“As talent becomes increasingly fluid and mobile, some early AI adopters could leverage this to become more talent competitive,” Bruno Lanvin, executive director of global indices at INSEAD, said, “however there are also signs that the ubiquity of AI is amplifying current imbalances and inequalities.”

Most large nations in Asia improved their rankings this year, including China, Malaysia, the Philippines, and Indonesia. The index assigns nations a score for each of dozens of indicators, such as how much technical education and training they provide, the amount of technology transfer they enable, and the level of social mobility.

Technology
Singapore is the only Asian nation to make the top 10 in the Global Talent Competitiveness Index based on its technology. VOA

The reason observers have drawn mixed conclusions from the index is that there is opportunity for developing nations to improve, but it is limited. For instance Malaysia got higher marks this year because it does a good job of matching workforce needs with talent. However the report authors say it “would benefit from higher tolerance and greater opportunities for minorities and immigrants.”

What the authors call most “worrying,” though, is the risk of a widening gap between rich and poor in terms of which nations are best preparing to use artificial intelligence. Rich city-state Singapore is the only Asian nation to break the top 10 of the index released last month. In the part of the study focused on cities, high-income Tokyo and Hong Kong are the best performing in the region.

Developing nations are able to make some progress because, at a lower level, technology is accessible and cheap. India and the Philippines, for instance, have become global call centers and IT outsourcing hubs, and it is relatively easy for their citizens to pick up basic coding skills regardless of their income.

However when technology needs move beyond just coding skills, more investment and resources help. Artificial intelligence, in particular, relies on massive amounts of data to be input and computer power to crunch the data. Nations and companies that amass that data, and the highly-paid professionals who can understand it, have such an advantage that it might become too hard for others to catch up in the future.“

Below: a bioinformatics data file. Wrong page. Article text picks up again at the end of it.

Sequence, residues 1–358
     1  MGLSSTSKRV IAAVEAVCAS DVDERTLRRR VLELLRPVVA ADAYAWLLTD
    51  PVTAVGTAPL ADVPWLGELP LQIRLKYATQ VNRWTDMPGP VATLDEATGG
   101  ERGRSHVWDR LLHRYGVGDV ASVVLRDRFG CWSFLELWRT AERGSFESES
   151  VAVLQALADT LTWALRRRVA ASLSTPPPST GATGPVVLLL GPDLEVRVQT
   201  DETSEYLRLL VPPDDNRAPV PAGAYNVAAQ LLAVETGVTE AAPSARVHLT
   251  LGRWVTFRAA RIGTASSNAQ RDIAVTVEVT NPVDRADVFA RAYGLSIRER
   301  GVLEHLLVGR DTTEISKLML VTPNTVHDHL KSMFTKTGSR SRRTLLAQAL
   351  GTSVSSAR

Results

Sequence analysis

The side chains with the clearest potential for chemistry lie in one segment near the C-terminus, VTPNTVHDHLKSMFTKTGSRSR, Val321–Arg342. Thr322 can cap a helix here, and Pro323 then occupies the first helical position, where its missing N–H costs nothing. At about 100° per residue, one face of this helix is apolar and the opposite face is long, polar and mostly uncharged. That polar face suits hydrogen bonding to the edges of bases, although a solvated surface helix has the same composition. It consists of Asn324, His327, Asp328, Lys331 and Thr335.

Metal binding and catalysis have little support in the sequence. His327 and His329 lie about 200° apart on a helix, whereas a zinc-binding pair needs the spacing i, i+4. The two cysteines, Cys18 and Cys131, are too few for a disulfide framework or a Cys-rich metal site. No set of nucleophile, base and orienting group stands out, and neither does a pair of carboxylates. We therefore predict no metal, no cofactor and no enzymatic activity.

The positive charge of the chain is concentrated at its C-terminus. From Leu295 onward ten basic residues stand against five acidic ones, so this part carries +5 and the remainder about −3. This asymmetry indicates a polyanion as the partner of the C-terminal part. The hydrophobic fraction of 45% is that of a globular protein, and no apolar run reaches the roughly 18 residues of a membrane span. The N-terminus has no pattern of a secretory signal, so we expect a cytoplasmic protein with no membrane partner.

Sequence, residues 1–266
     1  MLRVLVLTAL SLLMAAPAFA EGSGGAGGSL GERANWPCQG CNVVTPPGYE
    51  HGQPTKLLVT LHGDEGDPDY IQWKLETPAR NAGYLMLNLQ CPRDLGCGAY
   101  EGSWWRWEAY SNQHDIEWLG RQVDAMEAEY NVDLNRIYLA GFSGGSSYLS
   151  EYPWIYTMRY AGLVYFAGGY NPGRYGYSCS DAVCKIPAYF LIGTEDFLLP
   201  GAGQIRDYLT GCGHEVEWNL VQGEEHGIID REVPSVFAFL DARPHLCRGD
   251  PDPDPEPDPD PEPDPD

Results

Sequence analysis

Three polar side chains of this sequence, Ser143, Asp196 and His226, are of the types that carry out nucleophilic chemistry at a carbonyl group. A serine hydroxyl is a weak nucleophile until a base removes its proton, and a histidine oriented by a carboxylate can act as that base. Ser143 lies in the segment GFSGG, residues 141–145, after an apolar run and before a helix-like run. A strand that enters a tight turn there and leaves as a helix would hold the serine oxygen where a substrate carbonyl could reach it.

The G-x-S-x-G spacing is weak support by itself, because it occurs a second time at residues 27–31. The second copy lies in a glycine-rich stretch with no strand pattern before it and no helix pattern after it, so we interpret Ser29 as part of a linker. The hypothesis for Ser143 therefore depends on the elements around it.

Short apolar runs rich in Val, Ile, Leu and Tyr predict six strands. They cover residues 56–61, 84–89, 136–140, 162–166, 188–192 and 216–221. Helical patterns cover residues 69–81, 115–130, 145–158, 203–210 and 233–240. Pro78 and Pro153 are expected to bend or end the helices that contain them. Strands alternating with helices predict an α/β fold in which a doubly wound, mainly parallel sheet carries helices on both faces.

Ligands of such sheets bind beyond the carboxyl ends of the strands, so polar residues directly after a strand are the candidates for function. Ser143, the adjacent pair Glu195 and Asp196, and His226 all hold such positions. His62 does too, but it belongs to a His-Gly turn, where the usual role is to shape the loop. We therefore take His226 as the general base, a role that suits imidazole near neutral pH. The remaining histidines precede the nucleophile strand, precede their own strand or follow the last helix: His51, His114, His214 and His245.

Technology
When technology needs move beyond just coding skills, more investment and resources help. VOA

AI also will affect people’s jobs and change the nature of work,”

Kent Walker, senior vice president of Google, said. “We need to anticipate these changes and take steps to prepare for them.”

Google has exactly such an AI advantage. It has been able to collect many photos to input into and improve its image recognition algorithms, for instance, at a level that would be hard for other companies to match.

The authors released the global talent index in hopes of highlighting the digital divide, as well as providing recommendations on how to solve it. They say to prevent people from being left behind, developing nations can focus on vocational training and lifelong learning, and not just for lower-skilled tech jobs like coding. People can learn to do work that is complemented — not replaced — by robots; machines may be able to move a syringe into position, but patients will still want human nurses to oversee the injection, for instance.

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“The human role in the world of work is being augmented by technology rather than substituted by it,” Alain Dehaze, CEO of the Adecco Group, said.

At a government level, nations should agree on the rules and principles that guide AI research and uses, such as the need for data protection, the report said. That would increase the odds that new technologies are advanced in the interest of humans. (VOA)